This post originally appeared on The Basis Point: Homebuyers got excited and gave the edge back to sellers
Online real estate brokerage Redfin collects tons of data on the real estate deals it helps put together, which tells us a lot about the housing supply in the U.S.
This data is actually really useful for you homebuyers and sellers out there because Redfin’s good at breaking stuff down into local metro areas.
Redfin’s latest is a report on a small decline in national housing supply. Nationally, there were 0.3% fewer homes for sale in June than the previous June.
That was the first year-over-year decline since September. That means there were more homes for sale every month for the last 10 months than there were during those months in 2018
QUICK HOUSING SUPPLY STATS:
– San Jose had largest increase in number of homes for sale in June 2019: up 43.6%
– Seattle, Boston, Denver, Las Vegas, Portland, Chicago, San Francisco, and Nashville all had double-digit increases in inventory
– Oklahoma City, Oklahoma had the largest decrease in inventory: down 15.3%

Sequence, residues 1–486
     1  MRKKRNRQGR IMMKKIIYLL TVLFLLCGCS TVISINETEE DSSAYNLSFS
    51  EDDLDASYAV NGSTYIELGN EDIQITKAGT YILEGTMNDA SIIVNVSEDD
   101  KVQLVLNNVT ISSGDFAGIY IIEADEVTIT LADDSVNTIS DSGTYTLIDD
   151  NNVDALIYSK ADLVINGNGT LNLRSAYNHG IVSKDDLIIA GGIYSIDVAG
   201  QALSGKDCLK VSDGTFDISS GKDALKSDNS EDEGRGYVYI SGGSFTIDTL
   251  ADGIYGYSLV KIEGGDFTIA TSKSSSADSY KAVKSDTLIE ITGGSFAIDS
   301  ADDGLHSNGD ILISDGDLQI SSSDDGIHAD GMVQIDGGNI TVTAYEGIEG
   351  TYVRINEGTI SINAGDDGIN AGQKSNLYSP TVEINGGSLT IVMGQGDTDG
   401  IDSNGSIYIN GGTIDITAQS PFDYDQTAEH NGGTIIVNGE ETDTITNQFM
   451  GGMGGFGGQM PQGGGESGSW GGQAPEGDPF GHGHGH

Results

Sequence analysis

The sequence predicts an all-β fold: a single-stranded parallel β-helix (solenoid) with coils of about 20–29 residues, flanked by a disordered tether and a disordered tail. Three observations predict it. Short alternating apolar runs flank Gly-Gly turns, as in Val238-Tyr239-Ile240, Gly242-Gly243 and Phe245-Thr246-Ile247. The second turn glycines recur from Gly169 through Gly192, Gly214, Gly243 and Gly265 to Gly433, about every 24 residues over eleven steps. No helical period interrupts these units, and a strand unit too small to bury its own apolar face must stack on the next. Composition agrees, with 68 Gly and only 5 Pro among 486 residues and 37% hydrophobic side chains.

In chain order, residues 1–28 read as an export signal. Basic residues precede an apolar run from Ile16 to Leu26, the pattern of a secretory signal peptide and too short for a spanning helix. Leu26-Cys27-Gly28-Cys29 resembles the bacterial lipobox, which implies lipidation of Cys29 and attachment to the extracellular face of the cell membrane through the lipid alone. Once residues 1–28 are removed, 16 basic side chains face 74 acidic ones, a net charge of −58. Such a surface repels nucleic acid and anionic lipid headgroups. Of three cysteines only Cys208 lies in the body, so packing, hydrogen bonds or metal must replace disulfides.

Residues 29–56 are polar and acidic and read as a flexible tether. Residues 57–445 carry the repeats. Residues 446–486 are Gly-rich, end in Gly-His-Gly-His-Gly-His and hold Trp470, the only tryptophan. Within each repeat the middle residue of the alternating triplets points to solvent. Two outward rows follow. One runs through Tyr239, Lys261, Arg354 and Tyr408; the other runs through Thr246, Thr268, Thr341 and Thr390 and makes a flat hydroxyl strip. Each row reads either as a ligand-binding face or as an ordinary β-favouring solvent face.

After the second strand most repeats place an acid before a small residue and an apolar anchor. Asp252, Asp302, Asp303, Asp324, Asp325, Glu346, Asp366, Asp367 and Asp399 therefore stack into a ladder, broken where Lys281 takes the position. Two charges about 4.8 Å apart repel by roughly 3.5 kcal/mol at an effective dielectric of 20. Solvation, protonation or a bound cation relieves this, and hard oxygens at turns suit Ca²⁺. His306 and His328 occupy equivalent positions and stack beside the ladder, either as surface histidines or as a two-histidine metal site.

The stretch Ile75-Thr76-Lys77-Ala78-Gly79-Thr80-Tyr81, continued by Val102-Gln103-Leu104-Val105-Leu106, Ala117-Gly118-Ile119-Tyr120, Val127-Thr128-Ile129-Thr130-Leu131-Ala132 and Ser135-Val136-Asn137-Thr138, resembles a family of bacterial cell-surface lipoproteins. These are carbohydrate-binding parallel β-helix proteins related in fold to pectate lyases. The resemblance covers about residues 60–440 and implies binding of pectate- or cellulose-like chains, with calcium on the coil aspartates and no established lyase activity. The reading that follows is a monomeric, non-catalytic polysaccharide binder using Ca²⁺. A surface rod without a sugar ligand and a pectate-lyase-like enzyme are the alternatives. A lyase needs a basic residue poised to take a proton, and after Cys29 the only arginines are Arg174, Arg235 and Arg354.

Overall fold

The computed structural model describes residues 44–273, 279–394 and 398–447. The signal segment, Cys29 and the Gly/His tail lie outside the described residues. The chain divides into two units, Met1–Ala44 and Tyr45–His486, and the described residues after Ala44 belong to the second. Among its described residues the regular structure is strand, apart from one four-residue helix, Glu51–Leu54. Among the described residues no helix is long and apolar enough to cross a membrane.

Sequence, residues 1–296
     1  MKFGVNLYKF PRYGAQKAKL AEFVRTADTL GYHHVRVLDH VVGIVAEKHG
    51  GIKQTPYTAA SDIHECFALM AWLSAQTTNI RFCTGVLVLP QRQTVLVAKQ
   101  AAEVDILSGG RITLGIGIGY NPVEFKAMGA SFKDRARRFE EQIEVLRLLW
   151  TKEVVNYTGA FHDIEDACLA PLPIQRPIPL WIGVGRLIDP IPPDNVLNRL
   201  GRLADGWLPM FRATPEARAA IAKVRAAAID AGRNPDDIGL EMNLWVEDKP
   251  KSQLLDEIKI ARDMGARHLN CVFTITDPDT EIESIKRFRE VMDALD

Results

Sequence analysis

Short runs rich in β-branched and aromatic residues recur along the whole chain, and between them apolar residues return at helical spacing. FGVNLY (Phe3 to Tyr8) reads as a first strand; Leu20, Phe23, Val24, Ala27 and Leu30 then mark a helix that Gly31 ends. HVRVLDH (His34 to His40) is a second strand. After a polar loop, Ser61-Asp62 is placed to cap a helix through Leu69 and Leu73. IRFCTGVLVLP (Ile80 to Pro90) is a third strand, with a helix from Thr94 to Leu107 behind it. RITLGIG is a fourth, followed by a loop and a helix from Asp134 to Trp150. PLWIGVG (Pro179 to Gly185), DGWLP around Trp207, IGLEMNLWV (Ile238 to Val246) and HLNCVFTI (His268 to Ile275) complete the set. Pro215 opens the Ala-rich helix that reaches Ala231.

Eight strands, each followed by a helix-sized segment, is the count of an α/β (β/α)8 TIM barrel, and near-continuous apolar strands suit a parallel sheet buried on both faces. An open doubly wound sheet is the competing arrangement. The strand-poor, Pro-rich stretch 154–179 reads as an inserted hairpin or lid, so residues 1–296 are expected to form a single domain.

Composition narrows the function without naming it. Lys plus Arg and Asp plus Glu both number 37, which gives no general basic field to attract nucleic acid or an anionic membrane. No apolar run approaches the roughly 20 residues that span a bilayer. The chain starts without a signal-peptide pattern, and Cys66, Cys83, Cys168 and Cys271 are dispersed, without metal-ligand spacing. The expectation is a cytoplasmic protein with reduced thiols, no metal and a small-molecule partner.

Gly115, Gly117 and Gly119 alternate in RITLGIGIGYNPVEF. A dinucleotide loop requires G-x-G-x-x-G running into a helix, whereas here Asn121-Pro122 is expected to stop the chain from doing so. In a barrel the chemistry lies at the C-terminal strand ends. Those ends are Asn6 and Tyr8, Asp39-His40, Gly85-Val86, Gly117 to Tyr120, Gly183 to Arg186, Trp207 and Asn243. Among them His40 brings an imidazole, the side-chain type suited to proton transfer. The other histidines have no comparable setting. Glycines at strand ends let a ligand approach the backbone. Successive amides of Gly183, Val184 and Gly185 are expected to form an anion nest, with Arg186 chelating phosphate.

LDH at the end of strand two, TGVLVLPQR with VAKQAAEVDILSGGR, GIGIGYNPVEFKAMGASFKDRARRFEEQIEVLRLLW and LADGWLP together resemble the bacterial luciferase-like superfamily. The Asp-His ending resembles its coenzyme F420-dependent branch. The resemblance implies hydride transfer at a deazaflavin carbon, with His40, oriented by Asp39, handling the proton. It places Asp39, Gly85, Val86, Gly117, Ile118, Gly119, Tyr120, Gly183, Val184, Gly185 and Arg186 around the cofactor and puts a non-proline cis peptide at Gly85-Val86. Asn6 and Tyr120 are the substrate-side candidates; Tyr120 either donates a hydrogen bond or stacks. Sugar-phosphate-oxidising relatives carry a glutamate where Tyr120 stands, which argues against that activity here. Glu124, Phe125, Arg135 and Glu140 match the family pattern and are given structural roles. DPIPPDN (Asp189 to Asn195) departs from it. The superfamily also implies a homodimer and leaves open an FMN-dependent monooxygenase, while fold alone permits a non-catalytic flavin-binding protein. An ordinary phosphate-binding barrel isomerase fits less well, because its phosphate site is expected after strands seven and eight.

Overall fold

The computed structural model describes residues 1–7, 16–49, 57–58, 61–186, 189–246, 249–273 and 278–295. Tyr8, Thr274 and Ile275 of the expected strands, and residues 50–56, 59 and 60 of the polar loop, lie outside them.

– Richmond, Virginia, Virginia Beach, Virginia, and Buffalo, New York also saw double-digit decreases in inventory
-Again, national inventory saw a 0.3% decrease
WHAT’S THAT MEAN?
Basically, it’s a hiccup in the power shift that’s started to favor buyers lately.
Lower inventory helps sellers. If there are fewer homes on the market for buyers to shop for, sellers can demand more concessions and higher home prices.
Recent economic data and low interest rates have gassed up buyers, but releasing pent-up buying energy put pressure on the supply of homes on the market. That could put buyers back where they started before things started to look better for them recently.
WHERE’S THE LOCAL FLAVOR?
Remember real estate is hyper-local. These national trends don’t necessarily help you navigate your own financial life. Lucky for us, Redfin gets pretty granular with these reports so you can take this data home.
Sharp decreases in inventory can reveal a hot market. For example, it makes sense that Virginia cities are seeing big declines. People are probably eat up homes ahead of Amazon opening up its new headquarters there.
Check the table at the bottom of the Redfin post to get a feel for which way the wind is blowing in your metro area.